Landholder assistance

Trapping

Portable pig traps

Portable pig traps are available free of charge to assist with control of feral pigs. Pigs will normally require pre-feeding prior to trapping.

Indian myna bird traps

Indian myna

Indian myna's (Acridotheres tristis) are an aggressive invader which will quickly move into an area forcing native birds out. They are listed as one of the world's most invasive pest species. These pest birds have thrived in and around the townships of Childers, Apple Tree Creek and Cordalba for many years.  

The Indian myna is usually found close to human habitation.  In the evening, large groups of Indian mynas' gather in communal roosts, mainly in the non-breeding season, in roof voids, bridges and large trees and numbers can reach up to several thousands.

The increasing numbers of Indian myna birds is a result of its opportunistic behaviour and aggressiveness towards other species, bullying them for food and out competing them for nesting sites. They are a pest and a threat to native birds and wildlife.

In 2009, Bundaberg Regional Council commenced a program to reduce the environmental impacts caused by Indian myna's on our regions native wildlife. Additional sightings of the Indian myna have been made in other areas of the Bundaberg region including Avoca, Fairymead, on Seaview Road in Bargara and around Wallaville.

Making a positive identification

The introduced Indian myna should not be confused with the noisy miner (Manorina melanocephala), which is a native Australian honey eater and not a pest in Australia. The noisy miner is mostly grey.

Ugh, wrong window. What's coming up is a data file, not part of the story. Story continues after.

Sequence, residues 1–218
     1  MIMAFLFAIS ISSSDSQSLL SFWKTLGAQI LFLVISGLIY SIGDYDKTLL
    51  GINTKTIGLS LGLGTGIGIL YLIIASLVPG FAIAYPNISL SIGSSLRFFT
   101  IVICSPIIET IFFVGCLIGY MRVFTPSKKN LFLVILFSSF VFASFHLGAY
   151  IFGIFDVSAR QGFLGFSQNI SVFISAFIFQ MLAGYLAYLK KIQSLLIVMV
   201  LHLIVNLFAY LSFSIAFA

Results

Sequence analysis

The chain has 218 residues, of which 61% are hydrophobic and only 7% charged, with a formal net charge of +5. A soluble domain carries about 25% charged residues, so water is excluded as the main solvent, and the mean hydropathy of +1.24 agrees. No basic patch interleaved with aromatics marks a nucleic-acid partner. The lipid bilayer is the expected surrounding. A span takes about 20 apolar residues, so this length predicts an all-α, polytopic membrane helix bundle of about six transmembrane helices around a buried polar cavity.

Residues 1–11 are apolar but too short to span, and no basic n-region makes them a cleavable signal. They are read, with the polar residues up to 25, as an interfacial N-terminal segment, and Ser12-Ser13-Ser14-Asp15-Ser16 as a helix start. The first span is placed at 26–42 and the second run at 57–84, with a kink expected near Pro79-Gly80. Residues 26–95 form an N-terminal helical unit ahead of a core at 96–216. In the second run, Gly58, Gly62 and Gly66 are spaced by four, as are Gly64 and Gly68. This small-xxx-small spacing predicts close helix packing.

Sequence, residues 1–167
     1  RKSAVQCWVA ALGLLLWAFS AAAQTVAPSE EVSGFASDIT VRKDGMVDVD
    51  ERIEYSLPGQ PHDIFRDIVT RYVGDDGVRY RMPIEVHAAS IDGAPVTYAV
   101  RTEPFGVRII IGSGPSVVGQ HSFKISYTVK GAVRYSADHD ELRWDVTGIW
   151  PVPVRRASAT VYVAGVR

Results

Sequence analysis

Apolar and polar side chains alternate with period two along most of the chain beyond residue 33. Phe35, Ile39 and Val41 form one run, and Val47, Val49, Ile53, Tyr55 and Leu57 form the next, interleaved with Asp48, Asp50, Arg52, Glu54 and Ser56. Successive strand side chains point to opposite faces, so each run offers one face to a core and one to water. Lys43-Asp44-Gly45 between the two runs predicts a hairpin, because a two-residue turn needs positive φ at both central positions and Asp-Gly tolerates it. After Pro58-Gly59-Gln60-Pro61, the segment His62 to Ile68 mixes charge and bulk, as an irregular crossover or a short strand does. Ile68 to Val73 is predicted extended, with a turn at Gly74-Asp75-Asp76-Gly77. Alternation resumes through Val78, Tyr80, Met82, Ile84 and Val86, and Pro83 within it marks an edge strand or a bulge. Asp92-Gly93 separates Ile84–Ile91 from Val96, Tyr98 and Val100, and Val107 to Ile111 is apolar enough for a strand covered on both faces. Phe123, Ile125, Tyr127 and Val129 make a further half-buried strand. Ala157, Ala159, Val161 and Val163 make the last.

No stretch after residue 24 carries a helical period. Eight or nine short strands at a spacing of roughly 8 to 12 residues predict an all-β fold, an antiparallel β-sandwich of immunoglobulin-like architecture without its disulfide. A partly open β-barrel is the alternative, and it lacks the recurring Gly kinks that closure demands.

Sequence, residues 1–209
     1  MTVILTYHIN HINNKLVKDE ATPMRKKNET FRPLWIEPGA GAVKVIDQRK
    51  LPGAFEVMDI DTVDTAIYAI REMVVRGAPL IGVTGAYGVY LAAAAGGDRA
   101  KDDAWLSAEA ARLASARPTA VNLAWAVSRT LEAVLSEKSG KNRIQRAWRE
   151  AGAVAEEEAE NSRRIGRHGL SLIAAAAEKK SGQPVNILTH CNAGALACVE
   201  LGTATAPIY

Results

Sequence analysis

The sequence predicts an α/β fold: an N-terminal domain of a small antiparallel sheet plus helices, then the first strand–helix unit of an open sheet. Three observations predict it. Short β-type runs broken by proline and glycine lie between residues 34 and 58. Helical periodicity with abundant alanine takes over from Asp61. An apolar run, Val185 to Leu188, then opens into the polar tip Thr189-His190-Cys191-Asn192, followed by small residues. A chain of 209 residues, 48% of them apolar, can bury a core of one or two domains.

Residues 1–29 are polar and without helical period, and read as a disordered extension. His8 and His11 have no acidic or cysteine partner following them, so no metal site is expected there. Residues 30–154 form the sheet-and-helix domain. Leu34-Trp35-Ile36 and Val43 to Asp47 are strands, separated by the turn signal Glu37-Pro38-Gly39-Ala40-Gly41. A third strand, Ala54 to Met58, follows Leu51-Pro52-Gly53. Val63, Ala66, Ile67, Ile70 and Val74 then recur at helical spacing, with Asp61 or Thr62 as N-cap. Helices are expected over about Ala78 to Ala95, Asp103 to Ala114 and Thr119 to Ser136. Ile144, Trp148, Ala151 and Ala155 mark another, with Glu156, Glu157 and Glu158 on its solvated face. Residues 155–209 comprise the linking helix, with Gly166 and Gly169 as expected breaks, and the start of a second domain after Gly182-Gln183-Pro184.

The Indian myna is brown with a black head and is an average size of 24cm. It has a yellow bill, legs and bare eye skin. In flight it shows large white wing patches. The myna is a member of the starling family and is also known as the Common Myna or Indian myna. The breeding season runs from October through to March.

The bird call of the Indian myna is regarded as unpleasant with a collection of growls and other harsh notes. The noise from large groups of Indian myna's can be deafening.  You can hear an mp3 version of their call on the Birds in Backyards website.

Indian myna bird traps

Council has implemented a control program to reduce Indian myna bird numbers using specially made traps. Council has a number of traps available for loan to any member of the community who is interested in becoming involved in the programme.

Bounty program

To further enhance Council's existing program which has seen a significant reduction in myna numbers, Bundaberg Regional Council has a $5 bounty paid for every Indian myna which is trapped alive and in good condition. Contact Council land protection officers to advise of trapped birds or to loan traps. 


 

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